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Femoral nerve block versus adductor canal block for postoperative pain control after anterior cruciate ligament reconstruction: A randomized controlled double blind study.

El Ahl MS - Saudi J Anaesth (2015 Jul-Sep)

Bottom Line: The total morphine requirements were also recorded.Patients in group ACB had significantly higher VAS (at 18 h and 24 h), higher morphine consumption, but significantly less quadriceps weakness than those in group FNB.In patients with patellar graft ACLR, the ACB can maintain a higher quadriceps power, but with lesser analgesia compared with the FNB.

View Article: PubMed Central - PubMed

Affiliation: Lecturer of Anesthesia, Ain Shams University, Cairo, Egypt.

ABSTRACT

Background: The objective of this study was to evaluate the reliability of the postoperative pain control using adductor canal block (ACB) compared that using the femoral nerve block (FNB) in patients with anterior cruciate ligament reconstructions (ACLR).

Materials and methods: One hundred and twenty-eight patients who had been scheduled to patellar graft ACLR were included in this double blind study, and were randomly allocated into two groups; group ACB and group FNB (64 patients each). All patients received general anesthesia. At the end of the surgery, patients in group FNB received a FNB and those in group ACB received an ACB. The postoperative pain (visual analog scale [VAS]) and muscle weakness were assessed in the postoperative care unit and every 6 h thereafter for 24 h. The total morphine requirements were also recorded.

Results: Patients in group ACB had significantly higher VAS (at 18 h and 24 h), higher morphine consumption, but significantly less quadriceps weakness than those in group FNB.

Conclusion: In patients with patellar graft ACLR, the ACB can maintain a higher quadriceps power, but with lesser analgesia compared with the FNB.

No MeSH data available.


Related in: MedlinePlus

Visual analogue scale values. *statistically significant
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Figure 1: Visual analogue scale values. *statistically significant

Mentions: Patients in both groups had comparable characteristics [Table 1]. Patients in group ACB had significantly higher VAS at 18 h and 24 h [Figure 1], but significantly less quadriceps weakness than those in group FNB [Figure 2]. The total morphine consumption was statistically higher in ACB group than FNB group (18 mg [6] vs. 12 mg [4], P-0.0001*). No complications were recorded in both groups.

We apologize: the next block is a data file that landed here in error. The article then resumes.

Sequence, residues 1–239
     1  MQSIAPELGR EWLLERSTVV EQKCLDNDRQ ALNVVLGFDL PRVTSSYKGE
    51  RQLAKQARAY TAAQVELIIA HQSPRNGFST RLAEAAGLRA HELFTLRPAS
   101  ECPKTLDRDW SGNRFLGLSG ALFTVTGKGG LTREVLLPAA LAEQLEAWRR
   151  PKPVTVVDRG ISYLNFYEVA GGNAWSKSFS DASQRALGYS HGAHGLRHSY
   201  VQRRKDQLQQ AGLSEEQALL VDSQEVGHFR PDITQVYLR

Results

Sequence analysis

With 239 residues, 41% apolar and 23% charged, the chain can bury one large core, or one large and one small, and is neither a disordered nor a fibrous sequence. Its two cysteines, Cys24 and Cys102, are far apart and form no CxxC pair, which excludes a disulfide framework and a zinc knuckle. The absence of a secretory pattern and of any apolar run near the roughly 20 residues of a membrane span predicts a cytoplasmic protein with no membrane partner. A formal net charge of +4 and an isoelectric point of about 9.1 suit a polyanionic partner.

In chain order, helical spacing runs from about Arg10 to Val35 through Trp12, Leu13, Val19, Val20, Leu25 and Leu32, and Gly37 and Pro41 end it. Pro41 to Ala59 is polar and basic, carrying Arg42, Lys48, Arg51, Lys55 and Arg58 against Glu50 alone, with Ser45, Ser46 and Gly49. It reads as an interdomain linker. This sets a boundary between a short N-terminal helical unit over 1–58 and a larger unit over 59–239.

Femoral nerve block versus adductor canal block for postoperative pain control after anterior cruciate ligament reconstruction: A randomized controlled double blind study.

El Ahl MS - Saudi J Anaesth (2015 Jul-Sep)

Visual analogue scale values. *statistically significant
© Copyright Policy - open-access
Related In: Results  -  Collection

License
Show All Figures
getmorefigures.php?uid=PMC4478820&req=5

Figure 1: Visual analogue scale values. *statistically significant
Mentions: Patients in both groups had comparable characteristics [Table 1]. Patients in group ACB had significantly higher VAS at 18 h and 24 h [Figure 1], but significantly less quadriceps weakness than those in group FNB [Figure 2]. The total morphine consumption was statistically higher in ACB group than FNB group (18 mg [6] vs. 12 mg [4], P-0.0001*). No complications were recorded in both groups.

Bottom Line: The total morphine requirements were also recorded.Patients in group ACB had significantly higher VAS (at 18 h and 24 h), higher morphine consumption, but significantly less quadriceps weakness than those in group FNB.In patients with patellar graft ACLR, the ACB can maintain a higher quadriceps power, but with lesser analgesia compared with the FNB.

View Article: PubMed Central - PubMed

Affiliation: Lecturer of Anesthesia, Ain Shams University, Cairo, Egypt.

ABSTRACT

Background: The objective of this study was to evaluate the reliability of the postoperative pain control using adductor canal block (ACB) compared that using the femoral nerve block (FNB) in patients with anterior cruciate ligament reconstructions (ACLR).

Materials and methods: One hundred and twenty-eight patients who had been scheduled to patellar graft ACLR were included in this double blind study, and were randomly allocated into two groups; group ACB and group FNB (64 patients each). All patients received general anesthesia. At the end of the surgery, patients in group FNB received a FNB and those in group ACB received an ACB. The postoperative pain (visual analog scale [VAS]) and muscle weakness were assessed in the postoperative care unit and every 6 h thereafter for 24 h. The total morphine requirements were also recorded.

Results: Patients in group ACB had significantly higher VAS (at 18 h and 24 h), higher morphine consumption, but significantly less quadriceps weakness than those in group FNB.

Conclusion: In patients with patellar graft ACLR, the ACB can maintain a higher quadriceps power, but with lesser analgesia compared with the FNB.

No MeSH data available.


Related in: MedlinePlus